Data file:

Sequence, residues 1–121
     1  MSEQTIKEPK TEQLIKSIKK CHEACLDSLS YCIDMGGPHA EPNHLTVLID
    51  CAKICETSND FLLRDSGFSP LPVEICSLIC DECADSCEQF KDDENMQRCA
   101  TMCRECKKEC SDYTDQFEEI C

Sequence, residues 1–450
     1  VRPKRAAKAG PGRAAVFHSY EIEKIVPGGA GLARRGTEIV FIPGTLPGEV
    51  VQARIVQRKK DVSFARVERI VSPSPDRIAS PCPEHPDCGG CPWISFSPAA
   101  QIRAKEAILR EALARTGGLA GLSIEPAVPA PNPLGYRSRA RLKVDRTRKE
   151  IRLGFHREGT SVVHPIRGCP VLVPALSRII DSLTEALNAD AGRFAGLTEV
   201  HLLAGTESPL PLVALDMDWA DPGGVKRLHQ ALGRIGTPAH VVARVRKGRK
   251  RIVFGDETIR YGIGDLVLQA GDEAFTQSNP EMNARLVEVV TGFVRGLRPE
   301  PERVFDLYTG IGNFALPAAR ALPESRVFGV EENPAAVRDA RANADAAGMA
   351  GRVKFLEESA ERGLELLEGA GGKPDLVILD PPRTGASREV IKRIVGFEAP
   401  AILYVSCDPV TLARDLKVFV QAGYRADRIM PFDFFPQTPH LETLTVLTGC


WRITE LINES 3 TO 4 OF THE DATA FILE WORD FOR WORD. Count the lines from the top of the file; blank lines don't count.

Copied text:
    51  CAKICETSND FLLRDSGFSP LPVEICSLIC DECADSCEQF KDDENMQRCA
   101  TMCRECKKEC SDYTDQFEEI C